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‘It’s been an emotional roller-coaster ride:” LaGrange resident stuck in Peru in midst of coronavirus

A LaGrange native stuck in Peru amid the coronavirus crisis was expected to finally return home on Monday.

Hope Taylor traveled to Peru to help lead a leadership conference on March 13, and he was stuck without a sure-fire way to get home until Monday morning, when he was expected to board a flight from Lima to Miami.

“I’ll tell you, it’s been a real emotional roller-coaster ride,” Taylor said.

He was originally scheduled to do the conference in Peru, spend a day or two in Colombia for another conference and then fly back home. All was normal when he flew into Peru on that Friday — the day that major sporting events across the United States started to be canceled — but the situation evolved quickly.

By Sunday, they got word that the airport in Lima would be shut down on the night of Monday, March 16, so they hurried to wrap up the conference and get flights out of Peru. He found a flight on Monday to Cali, Colombia, where he would then fly into Miami and figure out his way home.

He, and several other Americans, got on that flight to Colombia and landed there, but that’s when things became hectic.

“They collected mine, and they’re probably a dozen other foreigners’ passports, and began probably an hour and a half to two-hour saga in Spanish, and I speak very, very little Spanish,” Taylor said.

It turns out that Taylor’s flight scheduled to fly from Colombia to Miami the following day had been canceled, so they put him and about four other Americans back on the same plane and sent them back to Peru — where the airport was about to close.

“We know that the Peruvian airport is going to close at midnight,” Taylor said, realizing at that point that he might not get out of Peru.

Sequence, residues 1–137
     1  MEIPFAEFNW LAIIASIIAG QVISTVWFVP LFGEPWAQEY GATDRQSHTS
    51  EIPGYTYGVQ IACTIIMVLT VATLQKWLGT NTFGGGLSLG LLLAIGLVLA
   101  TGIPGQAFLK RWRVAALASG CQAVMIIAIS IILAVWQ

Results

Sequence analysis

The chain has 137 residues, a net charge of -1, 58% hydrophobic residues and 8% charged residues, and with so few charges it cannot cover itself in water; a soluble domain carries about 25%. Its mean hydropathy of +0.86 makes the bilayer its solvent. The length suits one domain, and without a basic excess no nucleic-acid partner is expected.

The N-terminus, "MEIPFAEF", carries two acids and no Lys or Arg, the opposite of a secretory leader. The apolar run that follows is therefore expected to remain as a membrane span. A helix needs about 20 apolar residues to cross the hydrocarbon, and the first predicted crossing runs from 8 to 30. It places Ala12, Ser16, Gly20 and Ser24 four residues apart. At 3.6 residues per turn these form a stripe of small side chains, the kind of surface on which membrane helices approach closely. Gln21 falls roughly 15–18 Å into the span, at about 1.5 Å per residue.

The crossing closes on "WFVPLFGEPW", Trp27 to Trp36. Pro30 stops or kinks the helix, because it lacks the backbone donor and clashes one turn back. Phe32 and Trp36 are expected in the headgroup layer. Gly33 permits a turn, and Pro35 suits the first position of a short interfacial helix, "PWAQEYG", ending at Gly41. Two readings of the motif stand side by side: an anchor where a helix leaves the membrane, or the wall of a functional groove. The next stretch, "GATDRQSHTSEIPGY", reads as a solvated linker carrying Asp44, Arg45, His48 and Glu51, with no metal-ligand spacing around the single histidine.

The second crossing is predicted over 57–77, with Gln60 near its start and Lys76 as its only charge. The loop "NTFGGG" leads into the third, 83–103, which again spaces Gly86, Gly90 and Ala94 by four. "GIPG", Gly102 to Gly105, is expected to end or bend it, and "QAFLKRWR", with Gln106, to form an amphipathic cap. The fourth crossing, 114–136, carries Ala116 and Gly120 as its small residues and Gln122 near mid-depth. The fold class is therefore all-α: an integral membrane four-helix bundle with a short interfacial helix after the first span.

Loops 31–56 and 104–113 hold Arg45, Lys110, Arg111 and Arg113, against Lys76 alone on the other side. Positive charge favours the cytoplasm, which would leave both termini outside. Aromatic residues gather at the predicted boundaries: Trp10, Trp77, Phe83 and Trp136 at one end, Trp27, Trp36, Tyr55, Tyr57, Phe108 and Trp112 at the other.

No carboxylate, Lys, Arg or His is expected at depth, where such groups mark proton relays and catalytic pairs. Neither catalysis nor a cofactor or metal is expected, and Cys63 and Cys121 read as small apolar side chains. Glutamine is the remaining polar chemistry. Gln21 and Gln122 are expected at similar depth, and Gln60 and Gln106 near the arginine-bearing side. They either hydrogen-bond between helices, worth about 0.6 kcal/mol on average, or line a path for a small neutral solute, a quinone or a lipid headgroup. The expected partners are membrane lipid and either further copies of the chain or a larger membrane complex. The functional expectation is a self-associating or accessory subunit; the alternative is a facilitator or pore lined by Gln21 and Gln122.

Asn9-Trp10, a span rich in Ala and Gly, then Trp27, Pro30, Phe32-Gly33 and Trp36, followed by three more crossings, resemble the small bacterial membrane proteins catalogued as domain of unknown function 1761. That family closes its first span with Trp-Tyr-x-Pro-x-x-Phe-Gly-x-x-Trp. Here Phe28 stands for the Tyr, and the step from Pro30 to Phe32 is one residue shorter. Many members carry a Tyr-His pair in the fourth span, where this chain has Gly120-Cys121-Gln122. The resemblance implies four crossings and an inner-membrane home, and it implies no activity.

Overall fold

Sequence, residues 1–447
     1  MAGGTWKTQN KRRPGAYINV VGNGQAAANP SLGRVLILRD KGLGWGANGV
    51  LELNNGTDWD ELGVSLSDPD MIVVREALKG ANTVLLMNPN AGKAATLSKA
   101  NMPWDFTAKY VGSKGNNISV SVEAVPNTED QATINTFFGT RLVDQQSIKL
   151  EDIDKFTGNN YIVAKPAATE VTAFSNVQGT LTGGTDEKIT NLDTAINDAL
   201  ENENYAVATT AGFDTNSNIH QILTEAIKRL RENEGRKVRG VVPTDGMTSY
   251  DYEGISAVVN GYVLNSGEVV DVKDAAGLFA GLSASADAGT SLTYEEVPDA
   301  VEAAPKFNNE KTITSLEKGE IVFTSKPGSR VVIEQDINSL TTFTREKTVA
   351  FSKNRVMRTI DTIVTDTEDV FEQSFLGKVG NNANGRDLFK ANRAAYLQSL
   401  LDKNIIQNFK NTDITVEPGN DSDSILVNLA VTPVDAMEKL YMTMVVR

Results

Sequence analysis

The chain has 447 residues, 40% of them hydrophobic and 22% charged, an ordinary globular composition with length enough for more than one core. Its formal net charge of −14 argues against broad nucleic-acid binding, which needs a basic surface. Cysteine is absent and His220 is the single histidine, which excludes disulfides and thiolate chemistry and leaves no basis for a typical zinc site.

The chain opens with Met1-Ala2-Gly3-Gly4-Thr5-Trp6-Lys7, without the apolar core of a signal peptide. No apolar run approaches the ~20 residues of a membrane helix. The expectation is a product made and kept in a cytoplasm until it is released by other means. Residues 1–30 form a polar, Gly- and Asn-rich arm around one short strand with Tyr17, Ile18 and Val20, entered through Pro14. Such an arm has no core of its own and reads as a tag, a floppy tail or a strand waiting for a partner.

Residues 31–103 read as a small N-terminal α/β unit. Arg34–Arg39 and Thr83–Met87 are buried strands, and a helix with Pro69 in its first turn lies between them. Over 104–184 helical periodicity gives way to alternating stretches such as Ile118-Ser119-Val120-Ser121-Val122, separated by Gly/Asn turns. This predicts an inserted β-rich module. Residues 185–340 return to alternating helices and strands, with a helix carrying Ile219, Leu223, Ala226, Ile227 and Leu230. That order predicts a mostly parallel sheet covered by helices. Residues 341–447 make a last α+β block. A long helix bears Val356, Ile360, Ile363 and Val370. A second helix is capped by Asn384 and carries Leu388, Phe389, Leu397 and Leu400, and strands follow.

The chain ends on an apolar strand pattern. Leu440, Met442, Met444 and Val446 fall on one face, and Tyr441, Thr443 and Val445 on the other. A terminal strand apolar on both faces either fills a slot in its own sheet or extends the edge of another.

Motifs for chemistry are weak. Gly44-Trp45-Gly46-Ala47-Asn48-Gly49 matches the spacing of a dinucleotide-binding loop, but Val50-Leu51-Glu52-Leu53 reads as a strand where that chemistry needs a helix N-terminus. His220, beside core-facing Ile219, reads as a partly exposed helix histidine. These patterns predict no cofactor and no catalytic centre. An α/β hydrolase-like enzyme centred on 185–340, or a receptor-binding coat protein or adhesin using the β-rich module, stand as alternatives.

When he got back, he realized his bags had been left at the Colombia airport. An airport representative went to help him, but his situation only became more complicated.

“I went over to the lost baggage area, just one little small area, and the Peruvian representative from the airlines is filling out the lost luggage report. He asked me for my passport, and I handed it to him, and he turned to make a copy. And this is where I made an amateurish blunder. I’ve traveled many, many nations and for years and years and years, but I lost my focus at that moment  — I know where the taxi is and I know what time it is and I’m trying to get the hotel — I lost my focus,” Taylor said. “And I did not realize that he did not give me my passport back until I’m in the taxi.”

He got the taxi to turn around, but he could not get back into the airport, so as of Saturday night, he still did not have his passport.

“There’s a state of emergency. The airport is closed. And I don’t have my passport,” Taylor said. “That’s a very intense emotional moment.”

Taylor did have a photo of his passport, and through connections in the United States that have worked with him, he learned that his passport was still at the Lima airport.

He just couldn’t get to it with the airport closed.

“I really feel like if I can get that phone call [for a flight] and get to the airport, then that’s not going to be an issue,” Taylor said Saturday.

Taylor has medicine he takes every day, and he only had about 10 days of medication with him for the trip. He was worried he’d run out, but the people of Peru have been helpful and made sure that didn’t happen.